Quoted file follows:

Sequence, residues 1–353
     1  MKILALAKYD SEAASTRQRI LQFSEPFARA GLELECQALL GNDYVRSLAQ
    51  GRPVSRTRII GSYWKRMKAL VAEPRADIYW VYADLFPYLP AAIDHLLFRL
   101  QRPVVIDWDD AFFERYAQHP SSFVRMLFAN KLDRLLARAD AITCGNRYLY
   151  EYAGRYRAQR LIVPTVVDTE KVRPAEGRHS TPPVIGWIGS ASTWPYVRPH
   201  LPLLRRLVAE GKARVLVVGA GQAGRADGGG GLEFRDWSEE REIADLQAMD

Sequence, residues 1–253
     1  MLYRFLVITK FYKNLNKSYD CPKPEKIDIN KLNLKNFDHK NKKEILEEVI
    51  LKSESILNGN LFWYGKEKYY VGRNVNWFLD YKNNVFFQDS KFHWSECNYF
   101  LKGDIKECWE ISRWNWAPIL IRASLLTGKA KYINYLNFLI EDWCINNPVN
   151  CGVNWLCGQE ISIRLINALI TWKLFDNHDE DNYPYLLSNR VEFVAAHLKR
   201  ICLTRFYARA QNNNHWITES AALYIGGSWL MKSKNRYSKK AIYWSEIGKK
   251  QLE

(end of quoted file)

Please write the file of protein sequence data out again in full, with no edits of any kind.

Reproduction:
Sequence, residues 1–353
     1  MKILALAKYD SEAASTRQRI LQFSEPFARA GLELECQALL GNDYVRSLAQ
    51  GRPVSRTRII GSYWKRMKAL VAEPRADIYW VYADLFPYLP AAIDHLLFRL
   101  QRPVVIDWDD AFFERYAQHP SSFVRMLFAN KLDRLLARAD AITCGNRYLY
   151  EYAGRYRAQR LIVPTVVDTE KVRPAEGRHS TPPVIGWIGS ASTWPYVRPH
   201  LPLLRRLVAE GKARVLVVGA GQAGRADGGG GLEFRDWSEE REIADLQAMD

Sequence, residues 1–253
     1  MLYRFLVITK FYKNLNKSYD CPKPEKIDIN KLNLKNFDHK NKKEILEEVI
    51  LKSESILNGN LFWYGKEKYY VGRNVNWFLD YKNNVFFQDS KFHWSECNYF
   101  LKGDIKECWE ISRWNWAPIL IRASLLTGKA KYINYLNFLI EDWCINNPVN
   151  CGVNWLCGQE ISIRLINALI TWKLFDNHDE DNYPYLLSNR VEFVAAHLKR
   201  ICLTRFYARA QNNNHWITES AALYIGGSWL MKSKNRYSKK AIYWSEIGKK
   251  QLE